US House backs new sanctions against North Korea
The Republican-led US House of Representatives has overwhelmingly voted to impose new sanctions on North Korea, targeting its shipping industry and use of slave labour.
Members approved the measure 419-1 as tensions continued to mount over Pyongyang's advancing nuclear and ballistic missile programmes.
Admiral Harry Harris Jr, the top American military officer in the Pacific, has warned it is a question of when, not if, North Korea successfully builds a nuclear-tipped missile capable of striking the US.
The Senate must take up the measure next.
The bipartisan legislation is aimed at thwarting North Korea's ambitions by cutting off access to the cash the regime needs to follow through with its plans.
The measure is sponsored by Rep Ed Royce of California, the Republican chairman of the House Foreign Affairs Committee, and Rep Eliot Engel of New York, the committee's senior Democrat.
The bill bars ships owned by North Korea or by countries that refuse to comply with UN resolutions against it from operating in American waters or docking at US ports. Goods produced by North Korea's forced labour would be prohibited from entering the United States, according to the legislation.
Anyone who uses slave labour that North Korea exports to other countries would be subject to sanctions under the International Emergency Economic Powers Act, the bill states. At times when the nation is facing unusual or extraordinary threats, the President has wide authority under the law, including the power to block or prohibit transactions involving property located in the US.
Mr Royce said companies from Senegal to Qatar to Angola import North Korean workers, who send their salary back to Pyongyang, earning the regime billions of dollars in hard currency each year
"This is money that Kim Jong-un uses to advance his nuclear and missile programme, and also pay his generals, buying their loyalty to his brutal regime," he said. "That is what the high-level defectors that I meet with say. So let's squeeze his purse."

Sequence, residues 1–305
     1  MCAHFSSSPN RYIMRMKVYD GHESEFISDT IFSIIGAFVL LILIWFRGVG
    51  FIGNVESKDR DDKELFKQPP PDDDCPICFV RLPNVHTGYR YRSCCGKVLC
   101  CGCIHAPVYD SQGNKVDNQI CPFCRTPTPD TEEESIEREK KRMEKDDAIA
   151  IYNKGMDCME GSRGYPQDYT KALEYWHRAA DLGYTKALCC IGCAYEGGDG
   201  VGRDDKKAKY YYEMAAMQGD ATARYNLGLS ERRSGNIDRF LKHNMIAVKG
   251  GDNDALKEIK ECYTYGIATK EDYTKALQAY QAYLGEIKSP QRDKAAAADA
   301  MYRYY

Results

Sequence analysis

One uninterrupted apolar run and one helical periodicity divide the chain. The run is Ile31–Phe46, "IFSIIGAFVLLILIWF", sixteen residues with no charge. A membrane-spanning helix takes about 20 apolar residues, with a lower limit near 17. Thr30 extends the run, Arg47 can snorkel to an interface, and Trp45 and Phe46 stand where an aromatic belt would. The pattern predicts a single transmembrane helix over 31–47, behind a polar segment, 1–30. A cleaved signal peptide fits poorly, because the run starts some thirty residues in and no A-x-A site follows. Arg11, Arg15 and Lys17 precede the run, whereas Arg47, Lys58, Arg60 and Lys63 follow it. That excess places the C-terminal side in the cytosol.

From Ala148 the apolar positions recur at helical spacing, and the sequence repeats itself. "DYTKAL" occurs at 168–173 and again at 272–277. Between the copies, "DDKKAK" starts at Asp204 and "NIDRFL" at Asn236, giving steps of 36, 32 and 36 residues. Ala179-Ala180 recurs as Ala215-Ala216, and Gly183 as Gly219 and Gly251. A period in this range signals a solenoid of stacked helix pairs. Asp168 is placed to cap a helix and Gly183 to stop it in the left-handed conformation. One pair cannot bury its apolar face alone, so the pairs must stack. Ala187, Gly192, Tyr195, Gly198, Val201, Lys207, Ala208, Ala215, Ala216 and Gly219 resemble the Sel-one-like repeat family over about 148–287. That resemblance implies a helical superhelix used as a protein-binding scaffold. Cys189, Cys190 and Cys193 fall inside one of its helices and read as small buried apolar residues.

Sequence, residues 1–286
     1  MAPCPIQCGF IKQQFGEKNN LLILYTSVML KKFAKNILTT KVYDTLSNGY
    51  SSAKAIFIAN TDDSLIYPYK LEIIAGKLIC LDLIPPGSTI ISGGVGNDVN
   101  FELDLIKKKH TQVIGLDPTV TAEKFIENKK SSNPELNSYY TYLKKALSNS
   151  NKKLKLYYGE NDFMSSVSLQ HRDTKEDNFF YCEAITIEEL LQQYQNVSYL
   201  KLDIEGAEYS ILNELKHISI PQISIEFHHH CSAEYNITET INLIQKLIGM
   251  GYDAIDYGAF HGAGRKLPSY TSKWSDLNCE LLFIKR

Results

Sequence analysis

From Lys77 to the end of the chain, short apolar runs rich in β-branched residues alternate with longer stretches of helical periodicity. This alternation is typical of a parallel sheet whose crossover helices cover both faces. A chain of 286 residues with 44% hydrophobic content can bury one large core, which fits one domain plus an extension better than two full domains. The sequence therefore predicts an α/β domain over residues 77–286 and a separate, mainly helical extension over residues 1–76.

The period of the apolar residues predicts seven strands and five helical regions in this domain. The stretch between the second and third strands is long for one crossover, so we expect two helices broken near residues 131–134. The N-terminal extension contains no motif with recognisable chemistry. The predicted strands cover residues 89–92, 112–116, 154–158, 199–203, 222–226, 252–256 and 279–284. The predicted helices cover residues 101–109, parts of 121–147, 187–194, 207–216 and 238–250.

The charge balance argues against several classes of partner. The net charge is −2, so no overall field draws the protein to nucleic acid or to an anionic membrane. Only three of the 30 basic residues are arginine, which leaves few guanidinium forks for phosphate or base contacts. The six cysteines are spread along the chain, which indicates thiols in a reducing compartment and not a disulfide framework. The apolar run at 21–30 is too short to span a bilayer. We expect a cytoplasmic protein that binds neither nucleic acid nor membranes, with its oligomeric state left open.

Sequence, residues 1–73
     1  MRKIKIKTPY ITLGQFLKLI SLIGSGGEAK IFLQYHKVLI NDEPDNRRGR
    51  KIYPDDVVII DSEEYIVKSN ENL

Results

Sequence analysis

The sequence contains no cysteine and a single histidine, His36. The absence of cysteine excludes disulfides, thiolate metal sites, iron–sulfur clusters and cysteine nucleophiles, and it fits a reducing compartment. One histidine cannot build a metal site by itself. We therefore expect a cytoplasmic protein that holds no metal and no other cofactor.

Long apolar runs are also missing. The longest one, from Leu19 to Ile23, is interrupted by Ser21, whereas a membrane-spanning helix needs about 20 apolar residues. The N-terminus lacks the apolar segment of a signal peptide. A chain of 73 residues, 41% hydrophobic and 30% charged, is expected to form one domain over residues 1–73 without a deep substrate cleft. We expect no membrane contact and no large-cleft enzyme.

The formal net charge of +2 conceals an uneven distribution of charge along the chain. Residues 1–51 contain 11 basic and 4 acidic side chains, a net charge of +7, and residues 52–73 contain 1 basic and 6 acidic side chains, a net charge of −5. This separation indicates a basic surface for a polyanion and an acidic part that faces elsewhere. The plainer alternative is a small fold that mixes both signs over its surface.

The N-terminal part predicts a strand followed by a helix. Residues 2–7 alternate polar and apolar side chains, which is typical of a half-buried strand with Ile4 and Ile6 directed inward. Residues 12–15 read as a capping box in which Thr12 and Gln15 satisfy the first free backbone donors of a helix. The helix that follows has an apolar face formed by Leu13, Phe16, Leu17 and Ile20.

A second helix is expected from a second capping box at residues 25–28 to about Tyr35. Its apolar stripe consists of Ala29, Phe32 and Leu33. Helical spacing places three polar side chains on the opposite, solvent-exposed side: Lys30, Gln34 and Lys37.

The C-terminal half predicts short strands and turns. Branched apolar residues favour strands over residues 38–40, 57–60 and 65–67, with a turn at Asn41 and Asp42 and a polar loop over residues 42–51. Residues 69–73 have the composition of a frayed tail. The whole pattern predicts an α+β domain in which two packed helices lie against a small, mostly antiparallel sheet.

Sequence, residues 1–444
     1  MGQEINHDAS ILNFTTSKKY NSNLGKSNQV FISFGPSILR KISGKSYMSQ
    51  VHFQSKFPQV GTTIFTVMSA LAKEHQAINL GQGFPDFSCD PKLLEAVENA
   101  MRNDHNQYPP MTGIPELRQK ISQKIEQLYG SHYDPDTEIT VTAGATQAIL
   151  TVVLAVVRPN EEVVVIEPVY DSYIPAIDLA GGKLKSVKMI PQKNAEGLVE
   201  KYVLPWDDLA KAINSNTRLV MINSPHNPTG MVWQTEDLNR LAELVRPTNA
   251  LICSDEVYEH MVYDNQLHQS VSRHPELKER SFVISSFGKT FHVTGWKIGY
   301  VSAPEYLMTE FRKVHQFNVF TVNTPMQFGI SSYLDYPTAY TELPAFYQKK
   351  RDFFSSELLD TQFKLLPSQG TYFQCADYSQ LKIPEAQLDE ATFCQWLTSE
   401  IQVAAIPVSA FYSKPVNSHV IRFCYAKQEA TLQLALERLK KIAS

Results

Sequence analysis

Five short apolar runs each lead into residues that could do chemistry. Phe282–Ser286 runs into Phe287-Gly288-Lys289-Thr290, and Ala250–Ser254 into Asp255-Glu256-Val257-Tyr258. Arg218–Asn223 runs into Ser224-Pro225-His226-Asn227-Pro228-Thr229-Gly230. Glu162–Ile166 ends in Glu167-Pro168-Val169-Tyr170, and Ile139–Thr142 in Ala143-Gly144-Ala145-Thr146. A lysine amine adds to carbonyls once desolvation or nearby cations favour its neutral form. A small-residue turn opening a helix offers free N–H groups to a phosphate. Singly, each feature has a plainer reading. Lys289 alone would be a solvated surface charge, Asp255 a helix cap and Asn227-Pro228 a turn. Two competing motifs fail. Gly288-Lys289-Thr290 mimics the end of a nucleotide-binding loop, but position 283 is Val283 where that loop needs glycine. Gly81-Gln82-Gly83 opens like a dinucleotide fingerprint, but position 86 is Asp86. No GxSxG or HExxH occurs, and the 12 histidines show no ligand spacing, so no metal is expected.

The bill also requires the Trump administration to determine within 90 days whether North Korea is a state sponsor of terrorism. Such a designation would trigger more sanctions, including restrictions on US foreign assistance.
In a separate but related move, Secretary of State Rex Tillerson pressed South-East Asian governments during a working lunch to ensure "leak-proof" enforcement of sanctions against North Korea and to prevent the pariah nation's diplomats from conducting business that could benefit its weapons programmes.
Mr Tillerson called on foreign ministers of the 10-nation Association of South-East Asian Nations, or ASEAN, to "minimise" diplomatic relations with Pyongyang, "so that North Korea does not gain benefit from its diplomatic channels for its nuclear and missile aspirations," senior State Department official Patrick Murphy said after Thursday's meeting at the State Department.
That was the latest salvo in the Trump administration's push to get the international community to intensify diplomatic and economic pressure on North Korea to dismantle its nuclear weapons programme before it can pose a direct threat to the American mainland.
Last weekend, a North Korean mid-range ballistic missile apparently failed shortly after launch, the third test-fire failure this month but a clear message of defiance. North Korean ballistic missile tests are banned by the United Nations because they are seen as part of the North's push for a nuclear-tipped missile that can hit the US mainland.
The launch comes as both sides in the escalating crisis are flexing their military muscle. President Donald Trump has sent a nuclear-powered submarine and the USS Carl Vinson carrier strike group to Korean waters. North Korea last week conducted large-scale, live-fire exercises on its eastern coast.
The US and South Korea are installing a missile defence system and their two navies are staging joint military drills.